Insecurity: NGOs move to promote peace, unity with cultural fiesta in Nasarawa

Global law firm Hogan Lovells hosts panel session at COP 26, highlighting a new Africa-led movement to build an 8,000km corridor of plants and trees in the Sahel region at the southern border of the Sahara desert, from Senegal in the west, to Djibouti in the east.

Since the first Conference of Parties (COP) meeting in 1995, the fight against climate change continues to be a priority for countries across the world. The 26th session of the Conference of Parties: UN Climate Change 2021 was recently hosted in Glasgow by the United Kingdom in partnership with Italy. COP 26 seeks to: secure global net-zero by mid-century, keep 1.5 degrees within reach, adapt to protect communities and nature, mobilise finance, and enhance partnership.

Africa has contributed negligibly to climate change, but still stands as the most vulnerable region. The Sahel is on the frontline and millions of locals are already facing a devastating impact through droughts, dwindling natural resources, and mass migration. To address this, the Great Green Wall Initiative, an African-led movement, was started with an ambition to grow 8,000km of plants and trees across the Southern border of the Sahara to revive degraded land. As part of its support for this initiative, global law firm Hogan Lovells hosted a panel session at COP 26, which showcased the documentary ‘‘The Great Green Wall,’’ highlighting human stories of the climate challenges in communities across Africa where the wall travels through.

Giving her opening remarks, Malian musician, climate activist and supporter of the Great Green Wall initiative, Inna Modja, who also profiled the project at Hogan Lovells’ recent Africa Forum, said

‘‘The Great Green Wall initiative inspired me. Meeting with the communities gave me a powerful drive to go on this journey and share the message of these resilient regions. The initiative is an African project that will benefit the world. It is a movement that welcomes everyone.’’

The panel session, which was chaired and moderated by Andrew Skipper, Head of Africa Practice at Hogan Lovells and Co-Chair of UK government’s Africa Investors Group, featured representatives across the private sector, multilateral, government, and the local community. They include Pierre Rousseau, Senior Strategic Advisor for Sustainable Business at BNP Paribas; Andrea Ledward, International Biodiversity and Climate Director for Defra; and Kemo Fatty, Head of Community Engagement at Civic & Founder of Green Up Gambia. Panelists illustrated practical contributions to the Great Green Wall Initiative, its impact on local communities and the need for the global investment community to support the realization of the project by 2030.

Ledward spoke on the commitment of the UK Government to protecting and restoring the ecosystem and ensuring a shift to more agriculture that does not result in deforestation.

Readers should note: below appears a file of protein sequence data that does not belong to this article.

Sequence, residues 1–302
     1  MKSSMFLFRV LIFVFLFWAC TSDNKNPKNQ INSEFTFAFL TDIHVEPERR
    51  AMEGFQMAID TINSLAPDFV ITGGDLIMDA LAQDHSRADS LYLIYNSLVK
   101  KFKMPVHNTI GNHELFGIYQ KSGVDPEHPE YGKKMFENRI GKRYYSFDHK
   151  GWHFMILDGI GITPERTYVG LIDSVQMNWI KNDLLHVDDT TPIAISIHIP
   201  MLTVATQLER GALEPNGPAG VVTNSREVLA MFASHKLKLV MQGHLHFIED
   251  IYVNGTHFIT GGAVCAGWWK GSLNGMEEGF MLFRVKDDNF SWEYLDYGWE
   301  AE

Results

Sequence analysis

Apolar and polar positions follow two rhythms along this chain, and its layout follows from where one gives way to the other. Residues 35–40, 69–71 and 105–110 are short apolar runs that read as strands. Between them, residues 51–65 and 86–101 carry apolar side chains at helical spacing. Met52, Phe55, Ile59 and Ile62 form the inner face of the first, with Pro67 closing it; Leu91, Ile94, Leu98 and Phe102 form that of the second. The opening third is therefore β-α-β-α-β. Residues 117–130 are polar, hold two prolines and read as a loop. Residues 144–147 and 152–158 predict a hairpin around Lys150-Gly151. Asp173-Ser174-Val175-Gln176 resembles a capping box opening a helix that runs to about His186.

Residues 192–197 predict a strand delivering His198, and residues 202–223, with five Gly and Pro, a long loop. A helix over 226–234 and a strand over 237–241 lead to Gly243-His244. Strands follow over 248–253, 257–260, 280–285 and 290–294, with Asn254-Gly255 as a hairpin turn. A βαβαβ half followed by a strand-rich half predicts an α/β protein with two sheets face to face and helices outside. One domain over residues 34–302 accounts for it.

‘‘The UK government is particularly committed to the regions that the Great Green Wall is in. Through the green climate funding and global environment facility funding, we have invested over $100 million and bilaterally worked closely with many of the partner governments of the countries the Green Wall traverses.”

Rousseau emphasised that when we focus on climate and nature, it is also important to focus on people. This should begin with small projects that are impactful and can be nurtured to drive growth. ‘‘Nature should be treated as an asset, not a cost. If we can build it as an asset, we can put it up as collateral through carbon, services, and biodiversity.’’ 

Kemo Fatty spoke on the importance of ensuring that local communities are the key drivers of the initiative. Sharing some of the works of Green Up Gambia, he stated that efforts in ensuring that communities are in charge through citizens assemblies comprising of village heads, youth leaders, women, and children. This will help to create a blueprint for managing the lands, thereby developing a national implementation approach. ‘‘It is an African solution to a global problem, so we want everyone to contribute to this movement,’’ he added.

The Great Green Wall initiative seeks to bring hope by restoring 100 million hectares of degraded land, sequestering 250 million tonnes of carbon, and creating 10 million jobs in rural areas. It promises to be a compelling solution to the many urgent climate change threats facing Africa. Through the penetration of mobile phones and access to data in many parts of Africa, citizens can also share information and harness technology in reaching more people regarding the initiative.

‘‘The session was very enlightening and we at Hogan Lovells are happy to be part of the Great Green Wall Initiative. Partnership plays an important role in the fight against climate change in Africa, therefore we need to create opportunities to engage and invest in projects that benefit local communities,’’ Andrew Skipper said.

The only law firm to host a session in the Green Zone at COP26, Hogan Lovells is committed to being a responsible business. The firm is advising pro bono on the Gambia project as part of the Great Green Wall initiative, providing support to set up the correct corporate structure and legal entity for it. This is in addition to leveraging its global network of contacts to support the project and raising awareness of the initiative among clients.

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